Mascara is a staple to any female’s makeup collection. And it has been that way for centuries. But, did you know that between the 1900’s through the 1950’s mascara came in an adorable box with a big brush?
Quick History Lesson
The product that we would recognize today as mascara did not actually develop until the nineteenth century. The inventor was a man named, Eugene Rimmel – who developed a cosmetic using the newly invented petroleum jelly. The name “Rimmel” translates to “mascara” in the Portugese, Spanish, Greek, Turkish, Romanaian and Persian languages today.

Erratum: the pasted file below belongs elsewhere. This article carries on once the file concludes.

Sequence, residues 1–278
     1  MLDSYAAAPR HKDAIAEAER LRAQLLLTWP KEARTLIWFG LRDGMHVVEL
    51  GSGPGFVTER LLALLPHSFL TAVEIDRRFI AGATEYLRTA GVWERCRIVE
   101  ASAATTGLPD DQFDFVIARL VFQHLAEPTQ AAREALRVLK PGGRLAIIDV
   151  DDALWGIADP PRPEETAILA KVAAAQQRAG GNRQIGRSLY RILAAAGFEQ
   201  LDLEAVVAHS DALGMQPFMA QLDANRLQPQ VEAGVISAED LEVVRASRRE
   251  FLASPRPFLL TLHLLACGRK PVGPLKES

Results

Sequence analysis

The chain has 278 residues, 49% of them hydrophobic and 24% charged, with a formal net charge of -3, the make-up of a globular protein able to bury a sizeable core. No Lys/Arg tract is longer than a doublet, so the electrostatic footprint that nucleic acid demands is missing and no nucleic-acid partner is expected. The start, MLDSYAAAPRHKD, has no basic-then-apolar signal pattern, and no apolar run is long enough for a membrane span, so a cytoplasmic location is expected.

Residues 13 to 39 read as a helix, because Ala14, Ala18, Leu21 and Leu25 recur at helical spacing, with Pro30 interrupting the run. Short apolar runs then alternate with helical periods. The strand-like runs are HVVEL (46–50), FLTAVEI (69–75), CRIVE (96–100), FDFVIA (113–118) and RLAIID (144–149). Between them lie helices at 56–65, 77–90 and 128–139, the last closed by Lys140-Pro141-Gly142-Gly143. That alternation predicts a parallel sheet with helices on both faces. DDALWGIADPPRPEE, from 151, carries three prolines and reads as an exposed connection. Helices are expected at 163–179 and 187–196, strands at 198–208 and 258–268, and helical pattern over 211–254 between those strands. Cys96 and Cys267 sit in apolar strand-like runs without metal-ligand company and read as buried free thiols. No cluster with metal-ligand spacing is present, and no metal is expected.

And in 1919, another man named T.L. Williams created a similar product like Rimmel and started a mail-order business from this simple product- which grew to become the company we all call – Maybelline.
The two men who developed mascara used petroleum jelly and coal. It was messy and a better alternative was soon to be developed. Although no significant improvement occured until a female by the name of Helena Rubinstein transformed the innovation in 1957. When this happend, mascara quickly gained popularity and became common usage. Sometimes a female’s touch is needed when it comes to female products.
Below are a few photos of what mascara used to look like between the 1900s – 1950s.
Maybelline cake mascara, 1917.
Park & Tilford from the 1910s
Rimmel, year unkown.
Maybelline from the 1940s.
Jean La Salle from the 1940s